General Warnings

Why Was Zantac Taken Off The Market?

What is Zantac?

Zantac is a brand of ranitidine a medication that belongs to a group of drugs called histamine-2 blockers. It works by reducing the amount of acid your stomach produces.

Zantac has been used to treat and prevent ulcers in the stomach and intestines. It also was used to treat conditions in which the stomach produces too much acid, such as Zollinger-Ellison syndrome.

Zantac was also used to treat gastroesophageal reflux disease (GERD) and other conditions in which acid backs up from the stomach into the esophagus, causing heartburn.

What happened to Zantac?

In April 2020, Zantac was taken off the market because a cancer-causing impurity known as N-Nitrosodimethylamine (NDMA) was found in it. The U.S. Food and Drug Administration ordered all manufacturers to withdraw all prescription and over-the-counter (OTC) ranitidine drugs from the market immediately. The action was related to an ongoing investigation on the contaminant in ranitidine.

The agency determined that the impurity in some ranitidine products increases over time and when stored at higher than room temperatures and may result in consumer exposure to unacceptable levels of this impurity. As a result of the immediate market withdrawal request, ranitidine products will not be available for new or existing prescriptions or OTC use in the U.S.

NDMA is a probable human carcinogen (a substance that could cause cancer). In the summer of 2019, the FDA became aware of independent laboratory testing that found NDMA in ranitidine. Low levels of NDMA are commonly ingested in the diet, for example, NDMA is present in foods and in water. These low levels would not be expected to lead to an increase in the risk of cancer. However, sustained higher levels of exposure may increase the risk of cancer in humans. The FDA conducted thorough laboratory tests and found NDMA in ranitidine at low levels. At the time, the agency did not have enough scientific evidence to recommend whether individuals should continue or stop taking ranitidine medicines, and continued its investigation and warned the public in September 2019 of the potential risks and to consider alternative OTC and prescription treatments.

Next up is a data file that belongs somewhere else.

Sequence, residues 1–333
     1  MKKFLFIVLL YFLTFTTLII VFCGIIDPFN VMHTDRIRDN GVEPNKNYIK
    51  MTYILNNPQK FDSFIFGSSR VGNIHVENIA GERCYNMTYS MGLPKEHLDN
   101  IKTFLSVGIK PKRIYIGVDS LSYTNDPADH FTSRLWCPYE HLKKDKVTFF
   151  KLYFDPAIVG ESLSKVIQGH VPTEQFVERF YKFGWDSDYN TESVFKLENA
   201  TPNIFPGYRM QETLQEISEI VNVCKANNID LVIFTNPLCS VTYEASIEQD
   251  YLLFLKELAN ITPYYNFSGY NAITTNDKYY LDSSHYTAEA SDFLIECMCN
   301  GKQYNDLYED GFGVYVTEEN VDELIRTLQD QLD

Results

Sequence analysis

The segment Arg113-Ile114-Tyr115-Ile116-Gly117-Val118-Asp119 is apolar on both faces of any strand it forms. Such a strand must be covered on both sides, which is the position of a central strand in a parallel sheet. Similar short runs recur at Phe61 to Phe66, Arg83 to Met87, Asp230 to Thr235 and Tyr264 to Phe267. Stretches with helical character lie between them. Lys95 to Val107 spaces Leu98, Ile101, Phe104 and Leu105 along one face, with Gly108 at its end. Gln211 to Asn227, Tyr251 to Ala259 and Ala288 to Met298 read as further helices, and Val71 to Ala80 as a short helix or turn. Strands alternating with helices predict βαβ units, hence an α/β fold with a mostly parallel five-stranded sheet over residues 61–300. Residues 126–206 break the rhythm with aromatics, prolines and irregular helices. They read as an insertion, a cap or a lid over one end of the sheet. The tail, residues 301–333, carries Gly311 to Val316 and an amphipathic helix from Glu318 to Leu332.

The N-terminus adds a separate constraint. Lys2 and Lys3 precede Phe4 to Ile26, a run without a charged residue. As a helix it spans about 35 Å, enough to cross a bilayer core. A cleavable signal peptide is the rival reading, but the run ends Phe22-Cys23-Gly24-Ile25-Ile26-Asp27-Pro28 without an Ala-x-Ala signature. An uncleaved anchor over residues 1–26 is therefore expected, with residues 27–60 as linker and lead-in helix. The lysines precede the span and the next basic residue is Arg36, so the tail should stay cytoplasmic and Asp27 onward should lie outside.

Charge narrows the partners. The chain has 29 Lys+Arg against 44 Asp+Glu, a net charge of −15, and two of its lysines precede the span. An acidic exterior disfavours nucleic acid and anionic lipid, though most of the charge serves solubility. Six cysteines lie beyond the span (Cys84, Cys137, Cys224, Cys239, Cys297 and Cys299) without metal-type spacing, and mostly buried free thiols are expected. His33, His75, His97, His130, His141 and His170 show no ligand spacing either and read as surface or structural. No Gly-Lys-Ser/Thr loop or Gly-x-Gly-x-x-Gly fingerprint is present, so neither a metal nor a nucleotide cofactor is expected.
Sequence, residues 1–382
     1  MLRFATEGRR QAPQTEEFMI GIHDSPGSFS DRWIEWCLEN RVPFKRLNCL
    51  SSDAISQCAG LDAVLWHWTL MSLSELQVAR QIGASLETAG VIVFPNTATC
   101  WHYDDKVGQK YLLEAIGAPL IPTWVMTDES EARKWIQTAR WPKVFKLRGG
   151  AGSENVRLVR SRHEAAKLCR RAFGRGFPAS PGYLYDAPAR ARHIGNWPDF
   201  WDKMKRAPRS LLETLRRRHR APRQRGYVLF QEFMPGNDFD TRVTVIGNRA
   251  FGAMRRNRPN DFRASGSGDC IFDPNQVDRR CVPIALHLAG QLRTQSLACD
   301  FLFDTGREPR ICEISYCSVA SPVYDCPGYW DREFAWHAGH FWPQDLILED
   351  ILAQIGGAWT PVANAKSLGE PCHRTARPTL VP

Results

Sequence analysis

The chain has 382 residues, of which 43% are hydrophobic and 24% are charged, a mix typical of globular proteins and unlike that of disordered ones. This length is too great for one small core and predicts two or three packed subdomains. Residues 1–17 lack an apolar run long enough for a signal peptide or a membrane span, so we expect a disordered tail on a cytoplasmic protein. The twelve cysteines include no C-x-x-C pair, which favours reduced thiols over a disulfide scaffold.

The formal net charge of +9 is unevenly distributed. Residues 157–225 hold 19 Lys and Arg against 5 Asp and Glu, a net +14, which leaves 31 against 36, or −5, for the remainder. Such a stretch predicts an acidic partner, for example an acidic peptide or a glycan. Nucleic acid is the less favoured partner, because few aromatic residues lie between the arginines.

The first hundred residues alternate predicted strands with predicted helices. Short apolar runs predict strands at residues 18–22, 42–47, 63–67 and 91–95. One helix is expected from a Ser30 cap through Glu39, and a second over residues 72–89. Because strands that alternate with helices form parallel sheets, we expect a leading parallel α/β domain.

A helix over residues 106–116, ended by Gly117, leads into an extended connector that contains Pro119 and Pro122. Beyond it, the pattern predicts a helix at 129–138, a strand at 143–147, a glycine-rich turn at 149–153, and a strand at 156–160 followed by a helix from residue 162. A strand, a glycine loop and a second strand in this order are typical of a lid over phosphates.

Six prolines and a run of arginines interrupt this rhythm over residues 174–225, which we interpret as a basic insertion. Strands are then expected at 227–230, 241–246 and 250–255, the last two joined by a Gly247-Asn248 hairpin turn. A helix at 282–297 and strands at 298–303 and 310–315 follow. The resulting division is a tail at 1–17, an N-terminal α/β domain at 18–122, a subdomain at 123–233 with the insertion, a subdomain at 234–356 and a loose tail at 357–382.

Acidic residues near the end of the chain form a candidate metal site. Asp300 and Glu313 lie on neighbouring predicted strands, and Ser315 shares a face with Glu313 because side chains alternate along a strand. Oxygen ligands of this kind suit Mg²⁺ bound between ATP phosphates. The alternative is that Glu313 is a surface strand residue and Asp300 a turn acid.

New FDA testing and evaluation prompted by information from third-party laboratories confirmed that NDMA levels increase in ranitidine even under normal storage conditions, and NDMA has been found to increase significantly in samples stored at higher temperatures, including temperatures the product may be exposed to during distribution and handling by consumers. The testing also showed that the older a ranitidine product is, or the longer the length of time since it was manufactured, the greater the level of NDMA. These conditions may raise the level of NDMA in the ranitidine product above the acceptable daily intake limit.

The FDA encourages health care professionals and patients to report adverse reactions or quality problems with any human drugs to the agency’s MedWatch Adverse Event Reporting program:

The FDA, an agency within the U.S. Department of Health and Human Services, protects public health by assuring the safety, effectiveness, and security of human and veterinary drugs, vaccines, and other biological products for human use, and medical devices. The agency also is responsible for the safety and security of the nation’s food supply, cosmetics, dietary supplements, products that give off electronic radiation, and regulating tobacco products

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